Governor pressing U.S. Senate to reject Akaka bill
By Gordon Y.K. Pang
Advertiser Staff Writer
Gov. Linda Lingle is stepping up her campaign against the current version of the Akaka bill, writing letters to all U.S. senators urging them to reject the measure.
Lingle was a staunch supporter of earlier forms of the Akaka bill, which would establish a process to create a federally recognized government entity representing the interests of Native Hawaiians. But yesterday she said the language in the latest draft "inevitably sets the Native Hawaiian governing entity and the state of Hawai'i on a jurisdictional collision course."
Two senators unlikely to be swayed by Lingle's letters are Hawai'i's Daniel Akaka and Daniel K. Inouye, the sponsors of the bill formally known as the Native Hawaiian Government Reorganization Act.
Akaka spokesman Jesse Broder Van Dyke said yesterday that Lingle's concerns are specious and that the latest draft is crafted with language similar to that used to establish federal recognition of American Indian tribes.
"We do think the hypotheticals she presented are somewhat unrealistic," he said.
The Akaka bill passed the House in February. It has not yet been scheduled for a vote on the Senate floor, although Akaka, the bill's lead sponsor, is hoping that will happen this year.
Lingle said she felt compelled to send a letter to each senator because she had previously written to them asking them to support the Akaka bill.
In her letter sent this week, Lingle said she continues to back federal recognition for Native Hawaiians similar to federal recognition for American Indians and Alaska Natives because it is "the just and right thing to do."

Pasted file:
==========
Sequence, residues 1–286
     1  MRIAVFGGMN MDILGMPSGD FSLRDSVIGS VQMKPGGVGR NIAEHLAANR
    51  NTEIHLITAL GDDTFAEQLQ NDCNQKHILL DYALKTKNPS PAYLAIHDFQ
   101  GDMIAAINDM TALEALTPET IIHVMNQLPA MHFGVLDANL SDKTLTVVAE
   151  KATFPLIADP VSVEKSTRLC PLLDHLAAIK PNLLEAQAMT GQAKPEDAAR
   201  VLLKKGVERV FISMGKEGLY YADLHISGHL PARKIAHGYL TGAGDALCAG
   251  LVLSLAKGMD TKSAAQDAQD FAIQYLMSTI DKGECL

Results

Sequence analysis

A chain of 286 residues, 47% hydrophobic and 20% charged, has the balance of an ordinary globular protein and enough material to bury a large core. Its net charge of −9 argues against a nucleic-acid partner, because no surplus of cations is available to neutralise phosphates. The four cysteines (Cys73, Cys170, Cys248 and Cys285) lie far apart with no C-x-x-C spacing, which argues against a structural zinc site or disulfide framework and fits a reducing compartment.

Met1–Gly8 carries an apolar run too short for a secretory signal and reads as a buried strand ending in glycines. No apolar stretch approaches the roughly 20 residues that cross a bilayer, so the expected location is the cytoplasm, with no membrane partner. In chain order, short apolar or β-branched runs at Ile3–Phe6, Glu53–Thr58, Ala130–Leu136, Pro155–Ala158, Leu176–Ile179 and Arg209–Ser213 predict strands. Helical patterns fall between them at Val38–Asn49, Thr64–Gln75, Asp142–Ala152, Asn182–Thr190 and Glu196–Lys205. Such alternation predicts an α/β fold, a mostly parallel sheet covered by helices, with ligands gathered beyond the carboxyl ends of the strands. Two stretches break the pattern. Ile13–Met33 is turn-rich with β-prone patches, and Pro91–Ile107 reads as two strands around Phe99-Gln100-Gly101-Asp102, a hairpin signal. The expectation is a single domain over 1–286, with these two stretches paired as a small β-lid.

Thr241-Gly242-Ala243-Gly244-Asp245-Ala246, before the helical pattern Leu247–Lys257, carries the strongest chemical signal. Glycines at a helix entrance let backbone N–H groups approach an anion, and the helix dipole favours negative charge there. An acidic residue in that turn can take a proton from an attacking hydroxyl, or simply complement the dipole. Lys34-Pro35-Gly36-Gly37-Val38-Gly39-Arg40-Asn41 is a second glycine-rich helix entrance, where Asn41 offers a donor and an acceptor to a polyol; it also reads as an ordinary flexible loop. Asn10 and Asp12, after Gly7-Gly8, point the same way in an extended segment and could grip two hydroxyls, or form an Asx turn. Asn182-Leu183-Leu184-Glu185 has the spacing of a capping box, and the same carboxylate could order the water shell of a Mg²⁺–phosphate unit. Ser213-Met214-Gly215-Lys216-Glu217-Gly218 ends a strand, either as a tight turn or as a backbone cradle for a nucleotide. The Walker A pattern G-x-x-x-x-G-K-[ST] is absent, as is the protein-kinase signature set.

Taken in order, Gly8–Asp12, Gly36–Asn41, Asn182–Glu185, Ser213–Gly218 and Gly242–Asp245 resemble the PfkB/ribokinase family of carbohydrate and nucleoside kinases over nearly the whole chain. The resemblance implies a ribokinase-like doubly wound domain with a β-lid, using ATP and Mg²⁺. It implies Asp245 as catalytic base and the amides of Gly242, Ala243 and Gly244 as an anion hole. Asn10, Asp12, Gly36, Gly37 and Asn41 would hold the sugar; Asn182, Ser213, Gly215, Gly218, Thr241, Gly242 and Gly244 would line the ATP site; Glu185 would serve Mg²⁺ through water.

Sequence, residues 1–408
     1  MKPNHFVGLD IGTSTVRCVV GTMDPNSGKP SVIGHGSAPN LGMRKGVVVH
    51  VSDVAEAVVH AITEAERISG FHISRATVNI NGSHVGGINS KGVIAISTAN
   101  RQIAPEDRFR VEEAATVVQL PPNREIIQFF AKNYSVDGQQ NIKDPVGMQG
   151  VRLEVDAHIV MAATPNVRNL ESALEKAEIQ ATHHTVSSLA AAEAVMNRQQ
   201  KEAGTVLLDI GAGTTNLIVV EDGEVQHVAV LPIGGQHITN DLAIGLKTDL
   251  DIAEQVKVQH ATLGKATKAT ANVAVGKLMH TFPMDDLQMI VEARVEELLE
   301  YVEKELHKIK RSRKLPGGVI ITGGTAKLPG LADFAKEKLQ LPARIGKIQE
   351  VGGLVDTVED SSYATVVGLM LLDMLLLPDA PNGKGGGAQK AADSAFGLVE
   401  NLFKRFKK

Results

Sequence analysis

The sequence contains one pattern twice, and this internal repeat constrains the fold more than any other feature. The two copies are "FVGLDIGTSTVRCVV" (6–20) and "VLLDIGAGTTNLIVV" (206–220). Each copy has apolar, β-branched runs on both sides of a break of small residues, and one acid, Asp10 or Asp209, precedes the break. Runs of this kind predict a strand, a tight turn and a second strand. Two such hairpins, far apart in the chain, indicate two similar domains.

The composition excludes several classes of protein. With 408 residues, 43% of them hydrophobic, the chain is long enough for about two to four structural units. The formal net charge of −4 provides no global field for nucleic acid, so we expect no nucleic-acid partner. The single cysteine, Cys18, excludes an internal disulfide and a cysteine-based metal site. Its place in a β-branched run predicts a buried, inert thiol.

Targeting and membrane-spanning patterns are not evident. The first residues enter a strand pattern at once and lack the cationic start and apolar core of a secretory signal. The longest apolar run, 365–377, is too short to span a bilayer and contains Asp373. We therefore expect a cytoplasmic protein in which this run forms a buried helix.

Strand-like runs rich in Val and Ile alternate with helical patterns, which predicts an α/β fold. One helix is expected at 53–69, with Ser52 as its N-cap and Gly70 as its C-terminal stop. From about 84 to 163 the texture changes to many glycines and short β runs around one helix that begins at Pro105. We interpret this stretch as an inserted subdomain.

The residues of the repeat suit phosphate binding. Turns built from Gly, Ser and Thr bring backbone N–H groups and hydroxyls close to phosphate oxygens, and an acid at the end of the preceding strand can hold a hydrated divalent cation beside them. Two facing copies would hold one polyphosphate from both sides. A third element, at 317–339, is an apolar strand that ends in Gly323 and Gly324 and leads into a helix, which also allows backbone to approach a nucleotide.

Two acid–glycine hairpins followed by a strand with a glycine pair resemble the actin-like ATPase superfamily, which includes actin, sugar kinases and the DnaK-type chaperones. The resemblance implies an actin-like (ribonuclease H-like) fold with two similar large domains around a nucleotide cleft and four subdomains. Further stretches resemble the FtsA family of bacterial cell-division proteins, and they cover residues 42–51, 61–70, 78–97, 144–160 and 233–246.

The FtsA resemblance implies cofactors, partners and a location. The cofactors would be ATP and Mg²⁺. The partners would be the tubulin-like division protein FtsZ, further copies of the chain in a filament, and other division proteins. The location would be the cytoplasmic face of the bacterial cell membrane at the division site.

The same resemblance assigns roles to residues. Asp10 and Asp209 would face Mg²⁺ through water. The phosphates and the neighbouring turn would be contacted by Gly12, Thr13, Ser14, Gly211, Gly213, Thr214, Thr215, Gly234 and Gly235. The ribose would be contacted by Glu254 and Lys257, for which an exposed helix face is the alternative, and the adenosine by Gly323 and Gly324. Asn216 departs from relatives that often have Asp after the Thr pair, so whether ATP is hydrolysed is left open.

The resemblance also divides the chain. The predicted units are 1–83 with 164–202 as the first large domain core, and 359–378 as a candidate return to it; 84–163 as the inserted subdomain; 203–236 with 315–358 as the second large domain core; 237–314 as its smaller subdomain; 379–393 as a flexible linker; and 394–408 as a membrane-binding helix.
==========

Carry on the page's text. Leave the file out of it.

Her main concern is that the latest draft of the bill allows the Native Hawaiian governing entity "to be sovereign from the start, and grants to that entity broad and ill-defined powers, subject to further definition in negotiations."
Lingle said the new version allows the governing entity and its leaders "to conduct activities anywhere in Hawai'i ... in a way that is inconsistent with state criminal statutes otherwise applicable to all citizens, and inconsistent with virtually every conceivable state law that serves to protect the public."
That immunity would extend to employees of the governing entity as it pertains to a variety of laws, from fire and building codes to food and drug regulations, she said.
While the Republican governor and the all-Democratic Hawai'i congressional delegation have been working to iron out the state's concerns, the gap between the parties "is substantial," Lingle said in her letter. "It is fair to say that these negotiations have reached an impasse."
A statement from Akaka noted that more than 500 native governments are recognized by the United States, and all have sovereign immunity, as do all 50 states.
"I am confident the state of Hawai'i's interests are protected. Sovereign immunity preserves the status quo in the United States' policy towards its indigenous people," Akaka said.
Inouye said in a statement that there was substantial discussion among the congressional delegation, state Attorney General Mark Bennett and the Obama administration over the governor's concerns, and that many changes requested by Lingle were accepted.
The senator indicated the delegation is ready to move on without Lingle's support.
"With the Obama White House, we have the opportunity at long last to provide for a meaningful process of self-determination for Native Hawaiians in a manner akin to the other indigenous people of this land," he said in the statement.
A statement from the Office of Hawaiian Affairs, which supports the bill's latest draft, took a similar tone.
"We know that differences of opinion are not uncommon as landmark legislation, such as this, enters the final stages of consideration," the OHA statement said. "We appreciate how, despite these differences, all support the concept of fulfilling our dream of self-determination and a process of recognition for Native Hawaiians."
The latest draft was approved by the House by a 254-164 vote. It was the third time the Akaka bill has passed the House in the past decade.
It has never made it out of the Senate.